1. Scale. Microeconomic theory says that as a buyer, if you buy more of an item, you should be able to negotiate a lower price
  2. Scope. Since there is likely overlap in spend category management responsibilities between personnel from Company A and Company B, a number of category managers can be redeployed to capture savings in new categories
  3. Skills. Expertise will vary across companies and organizations. Together, the merged procurement groups will benefit from a broader set of skills and best practices with additional savings and operating efficiencies

For modeling purposes, suppose this extra reduction is 5%. This is likely to be an easily achievable number in most mergers, and in many cases an underachieving number. These savings also drop to the bottom line, increasing the merger premium by 25%.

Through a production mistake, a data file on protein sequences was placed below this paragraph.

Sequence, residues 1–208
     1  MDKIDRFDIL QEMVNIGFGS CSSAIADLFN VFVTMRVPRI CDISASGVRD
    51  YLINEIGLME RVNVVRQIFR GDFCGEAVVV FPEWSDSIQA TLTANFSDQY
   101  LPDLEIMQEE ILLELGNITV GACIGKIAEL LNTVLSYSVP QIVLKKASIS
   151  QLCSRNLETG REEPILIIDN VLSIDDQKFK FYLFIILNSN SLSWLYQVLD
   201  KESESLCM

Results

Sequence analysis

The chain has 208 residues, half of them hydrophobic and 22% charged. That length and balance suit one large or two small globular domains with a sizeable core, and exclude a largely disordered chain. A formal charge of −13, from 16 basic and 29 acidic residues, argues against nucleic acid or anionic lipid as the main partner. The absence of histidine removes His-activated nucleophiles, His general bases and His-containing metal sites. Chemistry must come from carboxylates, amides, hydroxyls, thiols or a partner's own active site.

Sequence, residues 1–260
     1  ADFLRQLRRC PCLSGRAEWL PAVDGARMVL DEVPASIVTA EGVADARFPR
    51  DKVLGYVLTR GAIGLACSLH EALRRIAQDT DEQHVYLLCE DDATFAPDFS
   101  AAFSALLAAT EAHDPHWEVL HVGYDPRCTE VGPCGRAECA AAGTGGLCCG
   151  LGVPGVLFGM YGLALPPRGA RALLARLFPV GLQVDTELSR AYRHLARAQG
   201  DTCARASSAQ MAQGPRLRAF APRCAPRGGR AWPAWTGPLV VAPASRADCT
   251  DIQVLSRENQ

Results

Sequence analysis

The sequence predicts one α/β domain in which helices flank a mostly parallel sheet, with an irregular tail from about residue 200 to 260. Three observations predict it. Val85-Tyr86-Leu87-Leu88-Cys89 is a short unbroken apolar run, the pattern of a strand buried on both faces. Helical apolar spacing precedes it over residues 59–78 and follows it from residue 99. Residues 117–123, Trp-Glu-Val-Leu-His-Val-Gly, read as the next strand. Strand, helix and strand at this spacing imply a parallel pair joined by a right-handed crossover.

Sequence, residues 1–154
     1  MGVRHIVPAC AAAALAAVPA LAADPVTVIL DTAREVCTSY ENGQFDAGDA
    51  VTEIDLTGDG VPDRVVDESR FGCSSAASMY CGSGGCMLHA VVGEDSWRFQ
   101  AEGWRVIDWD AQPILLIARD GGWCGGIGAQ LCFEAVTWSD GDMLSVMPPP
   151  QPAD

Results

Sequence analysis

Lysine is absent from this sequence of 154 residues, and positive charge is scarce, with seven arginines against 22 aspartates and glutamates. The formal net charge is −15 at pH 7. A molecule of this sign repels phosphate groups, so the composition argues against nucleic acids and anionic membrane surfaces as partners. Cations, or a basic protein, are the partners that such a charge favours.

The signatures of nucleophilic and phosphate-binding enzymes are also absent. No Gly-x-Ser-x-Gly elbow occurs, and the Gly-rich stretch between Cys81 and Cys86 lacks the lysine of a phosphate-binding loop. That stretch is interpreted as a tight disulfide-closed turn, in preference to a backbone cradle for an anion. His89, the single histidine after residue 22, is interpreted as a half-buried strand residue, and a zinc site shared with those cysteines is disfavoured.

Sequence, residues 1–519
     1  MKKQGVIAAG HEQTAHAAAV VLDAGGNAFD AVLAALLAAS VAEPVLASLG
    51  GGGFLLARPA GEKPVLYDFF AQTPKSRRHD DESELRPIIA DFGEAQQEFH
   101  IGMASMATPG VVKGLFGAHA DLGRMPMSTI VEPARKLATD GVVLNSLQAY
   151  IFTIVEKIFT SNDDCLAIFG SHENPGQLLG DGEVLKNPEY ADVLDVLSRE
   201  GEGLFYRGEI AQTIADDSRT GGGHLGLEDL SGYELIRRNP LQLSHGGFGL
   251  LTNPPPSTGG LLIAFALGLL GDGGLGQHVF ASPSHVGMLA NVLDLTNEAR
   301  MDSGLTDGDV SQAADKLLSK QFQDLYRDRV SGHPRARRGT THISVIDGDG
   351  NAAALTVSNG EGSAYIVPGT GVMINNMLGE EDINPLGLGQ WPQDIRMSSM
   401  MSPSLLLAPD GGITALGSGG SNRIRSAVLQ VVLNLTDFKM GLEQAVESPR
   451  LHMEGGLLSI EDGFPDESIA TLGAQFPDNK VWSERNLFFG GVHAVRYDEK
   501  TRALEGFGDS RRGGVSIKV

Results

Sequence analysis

Estimating Indirect Cost Savings — In Days, Not Weeks or Months

The work on indirect cost savings should begin as early as possible. A “clean team” can be used to handle sensitive information before the deal has been finalized. In order to estimate realistic cost synergies, the team needs a strong understanding of cost structures and cost drivers. This requires the construction of spend cubes for both companies in order to create a cross-organizational understanding of combined spending. The process cannot take a long time; it must be quick to be effective at the pace of a merger.

The idea is to (1) build spend cubes for both companies, then (2) link them on vendor and commodity dimensions to explore commonalities. Because speed and efficiency are paramount for the first step, unwieldy first-generation spend analysis systems with offline mapping tools (or data warehouses and spreadsheets with no mapping tools at all) are not helpful. To work at the speed of a merger team, you need modern, agile spend analysis tools that can map both companies’ spend online, quickly and with high visibility. For the second step, dataset linkage on common dimensions requires technology available in only a handful of tools. Massive Excel sheets with pivot tables and VLOOKUPs are not a practical alternative.